I don't know where the idea of hiding miscarriage and infertility originates from but I'm not a fan of it, clearly. Who declared that this should be a topic that's unspoken of? Who said you must wait until 12 weeks to announce your pregnancy because you shouldn't have to then tell if you miscarry? Who said infertility issues should be a private struggle between only husband and wife? Aren't we supposed to have a support system of girlfriends and family that we can turn to in our darkest times? And if we have that, why is this topic so taboo that we often don't share it, even with them? (I love ending paragraphs with questions - it makes me feel so Carrie Bradshaw)
I recently read an article titled " My Miscarriages Are the Reason I'm Announcing My Pregnancy Early". Jenny Evans, the author, discusses how in previous pregnancies, she waited to share her pregnancy news until after the first trimester "just in case". And then "just in case" happened. Three times. So this time, she decided to share her pregnancy news before the 12 week "safety zone" so if she miscarried again, she'd have the support she needed the previous times. She says, "Why I'd ever believed that keeping to the 12-week rule would safeguard me, I really don't know. I still endured the grueling physical process of miscarriage and struggled with the messy emotions of grief, sadness, frustration and anger. I just did it alone." She then goes on to discuss how she wished someone had known what she was going through so she could talk about it.
Her sentiments ring true for me as I'm sure it does for many others who suffered pregnancy loss or infertility in silence. When I miscarried, I was initially thankful that no one (but a few family members) knew we were pregnant. I didn't have to cry in front of others or share our devastation. I didn't have to correct people when they said congratulations or dodge questions about my due date. But what I did instead wasn't any healthier. I simply, or not so simply, went on like nothing happened. I hated feeling like I had to hide what I'd just been through. If this stigma wasn't there and we didn't feel the need to avoid these uncomfortable conversations, it would've not only been easier to be open and honest, but healthier. It would have been beneficial to share what I was going through so that I could have the support of others, but also so that I could help inform others of how common it is. And while I've somewhat accomplished this now, with this blog, I wish that I would've done it at that present time.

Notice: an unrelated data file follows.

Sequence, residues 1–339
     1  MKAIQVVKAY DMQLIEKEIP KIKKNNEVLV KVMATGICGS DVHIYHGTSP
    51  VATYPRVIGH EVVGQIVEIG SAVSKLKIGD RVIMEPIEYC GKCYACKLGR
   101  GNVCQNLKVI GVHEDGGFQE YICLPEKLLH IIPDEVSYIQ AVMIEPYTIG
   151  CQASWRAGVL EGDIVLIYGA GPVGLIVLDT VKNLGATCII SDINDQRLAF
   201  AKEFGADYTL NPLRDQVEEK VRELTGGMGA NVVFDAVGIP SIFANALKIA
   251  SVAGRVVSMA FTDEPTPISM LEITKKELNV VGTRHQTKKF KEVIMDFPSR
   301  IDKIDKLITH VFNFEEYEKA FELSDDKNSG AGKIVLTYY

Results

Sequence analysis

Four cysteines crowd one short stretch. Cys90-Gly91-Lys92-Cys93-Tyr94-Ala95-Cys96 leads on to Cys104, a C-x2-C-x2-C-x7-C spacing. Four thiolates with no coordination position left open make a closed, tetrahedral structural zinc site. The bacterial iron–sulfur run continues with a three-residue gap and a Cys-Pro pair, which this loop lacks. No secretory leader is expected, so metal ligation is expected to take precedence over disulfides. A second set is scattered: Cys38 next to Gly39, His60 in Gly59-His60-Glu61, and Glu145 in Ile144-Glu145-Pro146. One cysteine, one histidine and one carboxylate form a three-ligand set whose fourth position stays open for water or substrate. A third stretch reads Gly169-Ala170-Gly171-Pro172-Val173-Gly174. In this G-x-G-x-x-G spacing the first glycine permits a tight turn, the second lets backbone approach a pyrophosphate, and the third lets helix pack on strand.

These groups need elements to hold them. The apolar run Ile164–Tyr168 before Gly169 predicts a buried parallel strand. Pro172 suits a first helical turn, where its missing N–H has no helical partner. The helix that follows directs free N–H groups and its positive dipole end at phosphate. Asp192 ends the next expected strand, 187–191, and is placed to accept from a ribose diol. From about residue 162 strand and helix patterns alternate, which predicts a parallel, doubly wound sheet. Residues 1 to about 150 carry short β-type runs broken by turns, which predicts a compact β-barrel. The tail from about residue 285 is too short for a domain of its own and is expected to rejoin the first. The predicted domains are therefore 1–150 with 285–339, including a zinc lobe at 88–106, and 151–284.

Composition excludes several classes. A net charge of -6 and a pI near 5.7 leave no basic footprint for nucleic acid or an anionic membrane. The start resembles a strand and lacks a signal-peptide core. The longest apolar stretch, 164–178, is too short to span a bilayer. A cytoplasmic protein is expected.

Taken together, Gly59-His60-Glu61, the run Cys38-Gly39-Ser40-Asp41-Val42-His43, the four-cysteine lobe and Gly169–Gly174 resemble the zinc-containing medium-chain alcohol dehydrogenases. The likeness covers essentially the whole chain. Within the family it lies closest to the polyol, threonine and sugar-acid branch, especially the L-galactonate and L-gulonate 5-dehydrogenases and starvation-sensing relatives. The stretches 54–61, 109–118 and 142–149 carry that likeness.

As the author of this article states, it's okay that some women prefer to keep their miscarriage and/or infertility struggles private. However, it's a problem when they feel like they have to. Now that my story is out there, I'm grateful that more women know they aren't alone. I'm grateful that I've given a platform for others to share, vent, open up. And on this one year anniversary, I'm grateful for the work that we as a group have done in slowly breaking the need for secrecy. As a result, when this happens to someone else, because unfortunately, it inevitably will, I hope they know others around them who have been there before and feel comfortable speaking up. With that said, I look forward to accomplishing more work that remains. It's only if we work together and speak up, that we can slowly remove the stigma, embarrassment, and secrecy, and finally support each other, out loud.